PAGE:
Where an external sale takes place within 18 months of a deferral transaction, it is not only exempt dividends earned by the seller on the shares that are sold (sale shares) that will form part of the pool of dividends that must be assessed to determine whether the proceeds on disposal of the sale shares will be increased. It is proposed that certain exempt dividends on the following shares or earned by the following persons must also be included:

  • shares previously held by the seller (old shares) that were disposed of under a deferral transaction under which the old shares were exchanged for the sale shares or the sale shares were acquired by virtue of holding the old shares. Dividends derived by the seller from the old shares within 18 months prior to the deferral transaction are part of the pool.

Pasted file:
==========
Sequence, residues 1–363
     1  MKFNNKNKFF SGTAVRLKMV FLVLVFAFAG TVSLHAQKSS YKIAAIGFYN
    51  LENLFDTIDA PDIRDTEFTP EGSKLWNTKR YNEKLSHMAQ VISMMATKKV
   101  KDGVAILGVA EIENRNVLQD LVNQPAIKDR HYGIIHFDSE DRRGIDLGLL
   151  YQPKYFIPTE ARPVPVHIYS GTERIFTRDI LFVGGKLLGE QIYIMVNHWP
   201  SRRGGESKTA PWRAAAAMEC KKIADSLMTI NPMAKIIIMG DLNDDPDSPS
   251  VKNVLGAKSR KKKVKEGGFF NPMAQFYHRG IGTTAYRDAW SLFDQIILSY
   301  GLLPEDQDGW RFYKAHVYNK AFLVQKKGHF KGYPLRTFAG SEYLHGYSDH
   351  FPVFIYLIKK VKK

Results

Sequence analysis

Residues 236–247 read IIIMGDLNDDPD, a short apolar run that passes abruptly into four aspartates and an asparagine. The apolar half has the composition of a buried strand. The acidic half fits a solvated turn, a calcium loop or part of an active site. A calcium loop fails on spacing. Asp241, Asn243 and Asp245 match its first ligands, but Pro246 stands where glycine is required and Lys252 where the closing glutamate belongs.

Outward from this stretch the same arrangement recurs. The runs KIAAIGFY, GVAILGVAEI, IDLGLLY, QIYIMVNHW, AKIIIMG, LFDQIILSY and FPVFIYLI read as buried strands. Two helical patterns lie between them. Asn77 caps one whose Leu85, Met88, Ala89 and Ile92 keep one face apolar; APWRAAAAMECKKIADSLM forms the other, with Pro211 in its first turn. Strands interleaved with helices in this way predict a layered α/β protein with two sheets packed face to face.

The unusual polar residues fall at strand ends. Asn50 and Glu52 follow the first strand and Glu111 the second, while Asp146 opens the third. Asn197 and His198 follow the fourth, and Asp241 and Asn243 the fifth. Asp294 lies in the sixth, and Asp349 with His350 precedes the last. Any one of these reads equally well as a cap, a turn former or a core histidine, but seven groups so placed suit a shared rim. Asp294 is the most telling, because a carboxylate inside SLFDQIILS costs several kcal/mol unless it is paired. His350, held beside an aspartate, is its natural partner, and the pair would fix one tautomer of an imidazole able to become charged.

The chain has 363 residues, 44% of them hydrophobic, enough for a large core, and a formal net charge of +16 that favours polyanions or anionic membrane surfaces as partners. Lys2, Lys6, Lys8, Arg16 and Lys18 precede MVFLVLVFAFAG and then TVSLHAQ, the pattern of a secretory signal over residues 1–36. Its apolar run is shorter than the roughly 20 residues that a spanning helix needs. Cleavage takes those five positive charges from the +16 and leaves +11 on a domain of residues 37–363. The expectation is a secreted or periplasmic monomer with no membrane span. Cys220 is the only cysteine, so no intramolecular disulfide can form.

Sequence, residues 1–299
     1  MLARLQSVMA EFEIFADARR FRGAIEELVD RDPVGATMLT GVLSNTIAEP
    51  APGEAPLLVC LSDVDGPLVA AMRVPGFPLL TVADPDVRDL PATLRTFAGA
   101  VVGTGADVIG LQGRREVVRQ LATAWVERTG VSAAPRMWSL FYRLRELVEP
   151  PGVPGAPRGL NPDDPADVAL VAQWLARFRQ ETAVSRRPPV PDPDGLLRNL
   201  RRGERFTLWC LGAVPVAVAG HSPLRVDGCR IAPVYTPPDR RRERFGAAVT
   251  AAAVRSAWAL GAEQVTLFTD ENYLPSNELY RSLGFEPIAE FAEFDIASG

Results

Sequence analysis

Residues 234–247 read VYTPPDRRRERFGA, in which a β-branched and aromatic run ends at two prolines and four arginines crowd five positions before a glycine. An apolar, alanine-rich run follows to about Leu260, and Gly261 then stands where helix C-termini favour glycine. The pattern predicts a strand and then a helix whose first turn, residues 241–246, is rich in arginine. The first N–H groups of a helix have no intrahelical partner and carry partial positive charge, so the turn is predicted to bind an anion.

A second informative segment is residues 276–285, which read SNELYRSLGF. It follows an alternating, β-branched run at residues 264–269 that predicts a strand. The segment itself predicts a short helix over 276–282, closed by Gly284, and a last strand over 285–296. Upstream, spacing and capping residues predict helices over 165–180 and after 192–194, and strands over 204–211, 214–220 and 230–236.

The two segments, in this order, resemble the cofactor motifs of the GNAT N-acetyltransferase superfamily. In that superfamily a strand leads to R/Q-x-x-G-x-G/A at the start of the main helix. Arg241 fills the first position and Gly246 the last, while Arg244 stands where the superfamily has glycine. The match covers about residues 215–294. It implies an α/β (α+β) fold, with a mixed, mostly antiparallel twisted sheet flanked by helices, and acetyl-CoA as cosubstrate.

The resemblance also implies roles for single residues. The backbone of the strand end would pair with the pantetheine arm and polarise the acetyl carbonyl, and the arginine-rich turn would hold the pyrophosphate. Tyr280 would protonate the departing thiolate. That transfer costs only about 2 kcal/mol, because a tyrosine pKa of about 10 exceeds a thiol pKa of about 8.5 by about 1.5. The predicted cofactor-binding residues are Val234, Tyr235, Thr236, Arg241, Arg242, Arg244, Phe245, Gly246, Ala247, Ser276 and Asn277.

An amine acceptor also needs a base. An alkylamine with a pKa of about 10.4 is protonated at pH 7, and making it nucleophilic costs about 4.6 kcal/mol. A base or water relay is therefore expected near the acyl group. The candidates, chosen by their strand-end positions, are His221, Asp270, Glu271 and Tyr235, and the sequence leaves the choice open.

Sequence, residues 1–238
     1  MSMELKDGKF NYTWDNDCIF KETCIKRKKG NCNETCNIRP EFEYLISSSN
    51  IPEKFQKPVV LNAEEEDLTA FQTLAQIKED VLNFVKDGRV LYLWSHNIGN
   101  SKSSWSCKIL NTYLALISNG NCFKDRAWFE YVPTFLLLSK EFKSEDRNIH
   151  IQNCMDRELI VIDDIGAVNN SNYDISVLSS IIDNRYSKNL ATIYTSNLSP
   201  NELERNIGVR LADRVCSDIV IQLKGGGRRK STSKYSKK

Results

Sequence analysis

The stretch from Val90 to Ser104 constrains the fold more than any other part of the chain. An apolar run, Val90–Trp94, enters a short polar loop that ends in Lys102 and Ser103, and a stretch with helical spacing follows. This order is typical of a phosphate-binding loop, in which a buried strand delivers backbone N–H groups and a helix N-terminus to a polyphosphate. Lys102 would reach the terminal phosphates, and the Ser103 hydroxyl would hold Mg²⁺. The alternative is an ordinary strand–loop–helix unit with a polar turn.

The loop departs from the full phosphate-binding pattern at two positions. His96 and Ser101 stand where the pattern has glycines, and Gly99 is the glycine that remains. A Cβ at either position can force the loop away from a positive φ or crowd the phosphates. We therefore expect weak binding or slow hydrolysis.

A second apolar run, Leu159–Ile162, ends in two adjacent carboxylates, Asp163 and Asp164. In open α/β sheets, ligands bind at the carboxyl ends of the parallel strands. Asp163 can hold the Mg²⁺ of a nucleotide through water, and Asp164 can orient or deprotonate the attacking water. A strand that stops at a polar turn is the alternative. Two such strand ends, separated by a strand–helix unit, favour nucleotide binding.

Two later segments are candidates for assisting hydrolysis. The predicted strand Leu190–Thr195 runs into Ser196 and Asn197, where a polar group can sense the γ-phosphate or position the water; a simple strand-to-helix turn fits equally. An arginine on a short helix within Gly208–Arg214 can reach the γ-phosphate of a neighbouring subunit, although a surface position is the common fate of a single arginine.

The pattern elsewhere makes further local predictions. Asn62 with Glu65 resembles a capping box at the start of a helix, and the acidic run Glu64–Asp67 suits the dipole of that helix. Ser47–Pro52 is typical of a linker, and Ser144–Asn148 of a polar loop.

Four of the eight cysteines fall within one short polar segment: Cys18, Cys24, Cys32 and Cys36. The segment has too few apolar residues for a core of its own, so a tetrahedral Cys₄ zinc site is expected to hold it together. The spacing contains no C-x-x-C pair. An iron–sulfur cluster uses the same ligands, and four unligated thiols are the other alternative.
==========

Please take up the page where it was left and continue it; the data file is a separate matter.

• dividends on the sale shares that were earned within 18 months before the deferral transaction by another person who disposed of the shares under a deferral transaction and was connected to the seller at any stage during the preceding 18 months. This could apply to dividends earned by more than one previous owner of the shares where more than one deferral transaction occurred within the 18-month period.

Example: shares acquired by exchange

Consider a group comprising company A with a wholly owned subsidiary B. The only asset of B is a minority equity interest in C. A acquires the shares in C (new shares) from B as a liquidation dividend. This is done under the corporate rules, ie, a deferral transaction. A thus acquires the C shares (new shares) by virtue of holding the B shares (old shares). Within 18 months, A sells the new shares to a third party.

The relevant pool of exempt dividends will be:

  • own dividend income (new shares)

    • dividends distributed to A on the shares in C during the period that A holds the shares (which is less than 18 months).
  • own dividend income (old shares)